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  • Aug 21, 2014
  • Updated: 3:28pm
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Reverend Paul Kwong tells congregation that pro-democracy advocates should keep quiet

Outrage as Anglican archbishop invokes crucifixion during Sunday sermon to urge city's pro-democracy advocates to remain quiet

PUBLISHED : Tuesday, 08 July, 2014, 11:45am
UPDATED : Wednesday, 09 July, 2014, 4:41am

The archbishop of the Hong Kong Anglican Church has caused a political uproar after he said that pro-democracy advocates in the city should keep quiet, just as "Jesus remained silent" in the face of crucifixion.

Most Reverend Paul Kwong turned to politics in a sermon at St Paul's Church, Central, on Sunday, on how to be a Christian.

The sermon was posted on the church's website on Monday. Reaction has been swift, with some branding the sermon as "outrageous" and "sarcastic" and accusing Kwong of using "Jesus to fit some personal values".

In Sunday's sermon, Kwong said: "Whenever people see me or other church leaders, they will say, 'We must speak up! Speak up at all times, on everything. It is a must to fight'.

Listen: Audio translation of part of a sermon given by Archbishop of HK Anglican Church telling congregants pro-democracy advocates should keep quiet

Listen to the original audio in Cantonese here.

"Why do people have to speak up so much? [It appears] as if they wouldn't have another chance, as if they were dumb otherwise," said Kwong, who is a member of the Chinese People's Political Consultative Conference.

Kwong talked about the virtue of silence, citing how Jesus behaved when being sentenced to death by Pontius Pilate. "Jesus remained silent in the face of Pilate. He was like a lamb awaiting slaughter. Sometimes we don't have to say anything. Silence is better than saying anything."

Kwong also took a sarcastic tone towards the 511 protesters who were arrested during a sit-in at Chater Road, Central, following the annual July 1 rally.

"Last week some students arrested … told reporters: 'We had no food to eat. We had to queue up for the toilet'. I would say 'why didn't they bring along their Filipino maids to the march?'"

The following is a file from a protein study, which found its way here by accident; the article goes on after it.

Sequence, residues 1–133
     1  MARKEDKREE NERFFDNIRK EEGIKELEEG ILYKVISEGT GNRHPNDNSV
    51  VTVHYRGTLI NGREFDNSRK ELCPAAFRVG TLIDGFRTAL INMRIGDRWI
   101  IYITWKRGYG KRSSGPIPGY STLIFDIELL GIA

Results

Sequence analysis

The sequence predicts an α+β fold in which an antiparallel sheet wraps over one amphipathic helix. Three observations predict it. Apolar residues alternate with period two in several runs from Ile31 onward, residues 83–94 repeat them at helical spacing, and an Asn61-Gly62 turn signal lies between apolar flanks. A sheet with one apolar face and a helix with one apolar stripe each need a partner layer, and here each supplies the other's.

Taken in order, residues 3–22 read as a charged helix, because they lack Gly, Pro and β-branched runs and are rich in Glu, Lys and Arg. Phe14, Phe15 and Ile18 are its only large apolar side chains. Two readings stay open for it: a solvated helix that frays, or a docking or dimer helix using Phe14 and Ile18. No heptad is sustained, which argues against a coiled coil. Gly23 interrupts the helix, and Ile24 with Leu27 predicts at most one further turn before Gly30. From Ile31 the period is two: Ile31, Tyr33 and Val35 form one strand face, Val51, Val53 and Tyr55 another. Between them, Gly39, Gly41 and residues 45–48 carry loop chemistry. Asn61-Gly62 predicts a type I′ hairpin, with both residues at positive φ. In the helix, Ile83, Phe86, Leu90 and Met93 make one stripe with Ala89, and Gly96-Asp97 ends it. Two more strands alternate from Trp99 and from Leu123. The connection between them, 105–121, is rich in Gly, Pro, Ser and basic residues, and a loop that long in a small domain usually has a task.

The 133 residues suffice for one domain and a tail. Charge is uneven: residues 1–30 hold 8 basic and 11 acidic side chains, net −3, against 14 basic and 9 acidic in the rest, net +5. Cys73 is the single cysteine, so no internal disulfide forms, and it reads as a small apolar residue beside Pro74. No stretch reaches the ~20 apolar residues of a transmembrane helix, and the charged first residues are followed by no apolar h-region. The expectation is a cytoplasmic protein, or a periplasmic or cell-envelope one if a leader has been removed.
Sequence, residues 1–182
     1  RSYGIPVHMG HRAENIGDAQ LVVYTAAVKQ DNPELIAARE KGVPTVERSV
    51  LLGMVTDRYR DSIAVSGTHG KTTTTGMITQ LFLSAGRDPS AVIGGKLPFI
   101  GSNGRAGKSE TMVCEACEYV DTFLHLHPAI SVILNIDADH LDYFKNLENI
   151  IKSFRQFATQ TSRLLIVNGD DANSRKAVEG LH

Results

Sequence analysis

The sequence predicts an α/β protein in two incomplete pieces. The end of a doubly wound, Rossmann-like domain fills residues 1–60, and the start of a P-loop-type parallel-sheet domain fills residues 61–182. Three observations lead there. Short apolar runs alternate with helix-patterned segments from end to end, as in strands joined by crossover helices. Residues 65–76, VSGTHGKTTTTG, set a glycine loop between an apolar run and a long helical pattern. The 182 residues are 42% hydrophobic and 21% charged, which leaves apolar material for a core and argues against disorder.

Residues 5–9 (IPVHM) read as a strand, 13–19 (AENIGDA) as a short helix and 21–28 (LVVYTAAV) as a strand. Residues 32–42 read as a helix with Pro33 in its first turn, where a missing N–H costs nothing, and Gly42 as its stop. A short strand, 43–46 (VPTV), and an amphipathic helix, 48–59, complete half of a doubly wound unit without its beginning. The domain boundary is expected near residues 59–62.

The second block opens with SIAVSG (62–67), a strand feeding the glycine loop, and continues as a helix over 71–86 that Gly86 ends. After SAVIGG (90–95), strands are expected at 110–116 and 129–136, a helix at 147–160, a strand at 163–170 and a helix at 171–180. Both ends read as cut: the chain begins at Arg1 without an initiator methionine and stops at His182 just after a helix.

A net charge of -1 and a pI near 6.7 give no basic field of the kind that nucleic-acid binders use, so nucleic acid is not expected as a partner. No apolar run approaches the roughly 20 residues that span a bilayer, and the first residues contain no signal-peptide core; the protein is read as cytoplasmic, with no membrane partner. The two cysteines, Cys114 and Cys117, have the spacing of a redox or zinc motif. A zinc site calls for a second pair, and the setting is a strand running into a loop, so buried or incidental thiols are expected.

Reverend Peter Douglas Koon, provincial secretary general of the Sheng Kung Hui, or the Anglican Church, sought to cool down the outcry in an RTHK interview yesterday.

"It is certain that the archbishop did not intend to belittle anyone. He likes to make reference to current affairs to liven up his speech," he said.

Koon said Kwong was only expressing his personal views. "He was not promoting politics or making a political speech."

Referring to the Occupy Central protests, Koon added: "The stance of the Sheng Kung Hui is that we do not encourage people to do illegal things."

Watch: What do Hongkongers think about Rev. Paul Kwong’s speech against pro-democracy advocates?

Responding to the sermon, Pastor Wu Chi-wai, from the Christian and Missionary Alliance Church, said that it would be "unfair to use Jesus to fit some personal values and orientation".

"According to the Gospel of John, Jesus had challenged Pilate on whether his power is bigger or the truth is bigger," Wu said. "So Jesus wasn't silent - he spoke when he needed to, while his silence was in protest against the Roman regime."

Referring to Kwong's CPPCC role, Wu said: "I sympathise with him, it seems that he has to do something [like this] as the central government is launching a propaganda [campaign]."

Occupy Central co-organiser Dr Chan Kin-man also questioned Kwong's stance.

"Believers and society expected religious leaders to speak up to manifest the value of their belief … Kwong could make people disappointed about the Anglican church," Chan said.

One Christian woman from the Sheng Kung Hui told an RTHK radio programme yesterday: "He is really outrageous. He has changed since his CPPCC appointment."

Alex Chow Yong-kang, secretary general of the Federation of Students, which organised the Chater Road sit-in, said Kwong's remarks were sarcastic but devoid of the love of a Christian.

"Is love one fundamental doctrine of Christianity?" he asked, questioning Kwong's approach.

Democratic Party leader Emily Lau Wai-hing said it was disappointing that Kwong had lashed out at the students.